For Immediate Release
November 12, 1996
Are consumer boycotts unlawful in Canada?
That's the question legal counsel for a volunteer group of supporters of the Lubicon Lake Cree Nation have asked the Supreme Court of Canada to consider today.
In a memorandum of argument filed on behalf of Friends of the Lubicon (FoL), Clayton Ruby and Karen Wristen, of Sierra Legal Defence Fund, have submitted four reasons why the Supreme Court ought to grant leave to appeal from a lower court decision outlawing the group's highly successful consumer boycott. Until it was ruled illegal earlier this year, the Daishowa Boycott was working to prevent the forestry multinational from resuming clearcutting on unceded Lubicon territory in northern Alberta.
The memorandum argues that "The right to conduct a peaceful consumer picket or boycott is fundamental to our notion of participatory democracy. The decision from which leave to appeal is sought calls into question the legality of any consumer boycott. The refusal of the Court below to apply Charter values or principles in arriving at its decision to impose an interim restraint on the exercise of these fundamental rights is a decision which should be reviewed by this Court."
Furthermore, "Strategic Lawsuits Against Public Participation or SLAPP suits use economic torts to restrict freedom of expression at the instance of private, economic interests. This abuse, long recognized in the United States, has emerged in Canada and has far-reaching implications for public participation in the democratic process."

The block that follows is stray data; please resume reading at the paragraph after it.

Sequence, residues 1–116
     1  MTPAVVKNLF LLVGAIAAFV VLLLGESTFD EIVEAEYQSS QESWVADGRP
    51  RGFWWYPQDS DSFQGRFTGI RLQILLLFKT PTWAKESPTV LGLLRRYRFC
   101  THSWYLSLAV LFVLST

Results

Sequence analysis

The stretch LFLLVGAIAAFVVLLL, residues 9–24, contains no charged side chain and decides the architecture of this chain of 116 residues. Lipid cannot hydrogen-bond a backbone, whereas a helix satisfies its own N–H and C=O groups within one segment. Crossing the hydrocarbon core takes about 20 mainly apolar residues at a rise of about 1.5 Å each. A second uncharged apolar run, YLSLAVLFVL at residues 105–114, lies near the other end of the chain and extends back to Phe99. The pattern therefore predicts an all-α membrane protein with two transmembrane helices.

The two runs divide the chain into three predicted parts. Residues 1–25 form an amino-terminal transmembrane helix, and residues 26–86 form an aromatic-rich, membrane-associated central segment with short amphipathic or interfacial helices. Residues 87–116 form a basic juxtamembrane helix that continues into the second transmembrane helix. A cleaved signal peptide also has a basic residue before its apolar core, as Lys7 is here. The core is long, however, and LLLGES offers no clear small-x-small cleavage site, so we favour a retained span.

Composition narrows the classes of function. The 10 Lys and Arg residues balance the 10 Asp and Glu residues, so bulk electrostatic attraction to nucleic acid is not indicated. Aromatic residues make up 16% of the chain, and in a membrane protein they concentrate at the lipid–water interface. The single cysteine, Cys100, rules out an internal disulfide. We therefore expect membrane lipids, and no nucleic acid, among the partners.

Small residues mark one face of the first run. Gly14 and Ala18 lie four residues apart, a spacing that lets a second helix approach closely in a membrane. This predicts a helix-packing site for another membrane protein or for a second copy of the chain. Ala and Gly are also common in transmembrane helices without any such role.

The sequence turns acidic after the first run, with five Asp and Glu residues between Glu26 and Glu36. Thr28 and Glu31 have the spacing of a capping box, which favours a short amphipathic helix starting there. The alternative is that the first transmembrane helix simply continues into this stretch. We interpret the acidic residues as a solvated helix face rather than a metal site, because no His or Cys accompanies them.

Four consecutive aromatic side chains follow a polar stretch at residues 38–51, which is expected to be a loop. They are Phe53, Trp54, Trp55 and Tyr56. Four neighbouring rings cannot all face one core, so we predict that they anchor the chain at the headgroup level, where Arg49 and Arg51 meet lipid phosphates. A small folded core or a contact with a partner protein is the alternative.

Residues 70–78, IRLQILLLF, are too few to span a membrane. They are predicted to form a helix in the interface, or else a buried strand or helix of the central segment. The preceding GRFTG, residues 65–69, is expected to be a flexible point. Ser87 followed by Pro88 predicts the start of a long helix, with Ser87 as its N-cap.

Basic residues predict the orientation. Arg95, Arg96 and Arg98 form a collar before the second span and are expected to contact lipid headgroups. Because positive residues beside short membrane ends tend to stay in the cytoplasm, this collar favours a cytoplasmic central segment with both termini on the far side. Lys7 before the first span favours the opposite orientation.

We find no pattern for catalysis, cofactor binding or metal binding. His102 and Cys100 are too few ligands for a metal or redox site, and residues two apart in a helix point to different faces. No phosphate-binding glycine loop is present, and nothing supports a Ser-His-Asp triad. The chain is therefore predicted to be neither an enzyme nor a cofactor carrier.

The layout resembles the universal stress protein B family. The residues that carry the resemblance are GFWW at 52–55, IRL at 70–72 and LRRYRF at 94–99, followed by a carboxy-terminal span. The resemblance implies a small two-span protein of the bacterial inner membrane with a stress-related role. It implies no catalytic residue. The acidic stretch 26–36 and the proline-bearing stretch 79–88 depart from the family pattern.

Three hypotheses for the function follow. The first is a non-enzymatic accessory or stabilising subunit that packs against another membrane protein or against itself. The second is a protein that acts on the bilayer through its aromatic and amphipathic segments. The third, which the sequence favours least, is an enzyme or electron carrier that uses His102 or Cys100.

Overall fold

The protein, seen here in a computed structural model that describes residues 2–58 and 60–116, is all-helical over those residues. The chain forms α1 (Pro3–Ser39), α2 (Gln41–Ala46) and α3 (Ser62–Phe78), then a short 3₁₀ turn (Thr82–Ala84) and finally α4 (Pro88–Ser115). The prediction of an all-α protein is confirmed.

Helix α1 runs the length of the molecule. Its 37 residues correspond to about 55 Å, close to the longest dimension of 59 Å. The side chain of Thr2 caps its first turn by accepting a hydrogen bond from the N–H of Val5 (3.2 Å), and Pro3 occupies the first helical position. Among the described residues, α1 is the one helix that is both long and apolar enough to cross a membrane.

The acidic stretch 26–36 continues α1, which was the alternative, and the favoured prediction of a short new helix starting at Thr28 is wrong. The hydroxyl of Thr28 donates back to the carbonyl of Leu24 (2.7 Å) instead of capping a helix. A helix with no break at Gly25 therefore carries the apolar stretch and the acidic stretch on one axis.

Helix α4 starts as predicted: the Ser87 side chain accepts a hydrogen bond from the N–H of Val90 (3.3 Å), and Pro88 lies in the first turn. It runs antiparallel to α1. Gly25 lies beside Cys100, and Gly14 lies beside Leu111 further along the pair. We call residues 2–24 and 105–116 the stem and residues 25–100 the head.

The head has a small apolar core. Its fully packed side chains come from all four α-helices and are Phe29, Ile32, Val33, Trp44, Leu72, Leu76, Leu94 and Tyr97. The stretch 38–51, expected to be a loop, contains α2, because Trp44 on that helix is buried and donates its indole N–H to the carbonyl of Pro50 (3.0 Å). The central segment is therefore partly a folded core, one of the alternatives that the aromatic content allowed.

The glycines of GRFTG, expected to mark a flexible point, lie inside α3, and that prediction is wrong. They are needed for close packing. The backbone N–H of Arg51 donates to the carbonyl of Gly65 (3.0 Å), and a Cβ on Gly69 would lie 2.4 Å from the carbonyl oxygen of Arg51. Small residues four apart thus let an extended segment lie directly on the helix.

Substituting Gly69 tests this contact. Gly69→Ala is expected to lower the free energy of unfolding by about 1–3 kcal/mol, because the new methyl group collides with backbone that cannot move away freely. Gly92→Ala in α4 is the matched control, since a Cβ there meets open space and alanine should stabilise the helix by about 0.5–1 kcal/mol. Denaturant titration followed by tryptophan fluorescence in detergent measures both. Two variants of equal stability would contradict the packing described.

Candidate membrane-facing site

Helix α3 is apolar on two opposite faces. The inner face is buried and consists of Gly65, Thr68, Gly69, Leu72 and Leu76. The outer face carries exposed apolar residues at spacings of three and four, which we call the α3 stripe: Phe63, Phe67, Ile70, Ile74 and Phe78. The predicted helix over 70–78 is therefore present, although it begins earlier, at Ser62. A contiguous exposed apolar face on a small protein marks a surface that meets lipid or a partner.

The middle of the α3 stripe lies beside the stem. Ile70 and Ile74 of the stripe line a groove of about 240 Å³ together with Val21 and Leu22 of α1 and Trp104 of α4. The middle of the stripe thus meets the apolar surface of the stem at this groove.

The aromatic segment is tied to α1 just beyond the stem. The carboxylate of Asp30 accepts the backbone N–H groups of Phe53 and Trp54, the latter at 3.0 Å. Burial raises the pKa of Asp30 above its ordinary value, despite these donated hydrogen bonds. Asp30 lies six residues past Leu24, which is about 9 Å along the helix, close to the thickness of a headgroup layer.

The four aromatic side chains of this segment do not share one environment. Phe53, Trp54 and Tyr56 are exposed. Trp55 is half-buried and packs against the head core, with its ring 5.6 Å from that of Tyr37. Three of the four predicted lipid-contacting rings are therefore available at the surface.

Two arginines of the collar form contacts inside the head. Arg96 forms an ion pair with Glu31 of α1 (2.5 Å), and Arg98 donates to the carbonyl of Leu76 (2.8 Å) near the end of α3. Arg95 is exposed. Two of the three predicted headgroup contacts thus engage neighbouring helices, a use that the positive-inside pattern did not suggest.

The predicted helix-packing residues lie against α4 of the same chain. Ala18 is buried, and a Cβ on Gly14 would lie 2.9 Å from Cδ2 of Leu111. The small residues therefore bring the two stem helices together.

This latest application for leave to appeal comes after an Ontario appellate court, on January 23, 1996, granted Daishowa an interim injunction temporarily halting the consumer boycott until Daishowa's case seeking a permanent injunction can be heard on Sept 2, 1997.
To end the international boycott, Daishowa has been asked to make a clear, unequivocal and public commitment not to log or buy wood cut on unceded Lubicon land until the land rights are settled and a timber harvesting agreement respecting Lubicon wildlife and environmental concerns is negotiated. Public pressure generated by the boycott has been instrumental in keeping Daishowa off Lubicon land since the boycott began in 1991.
The complete 20 page memorandum of argument is available upon request.
For more information, please contact:
Clayton Ruby: 416-964-9664
Karen Wristen, Sierra Legal Defence Fund : 604-685-5618
Kevin Thomas, Friends of the Lubicon: 416-631-4048
Ed Bianchi, Friends of the Lubicon: 613-235-9956
Stephen Kenda, Friends of the Lubicon: 416-763-7500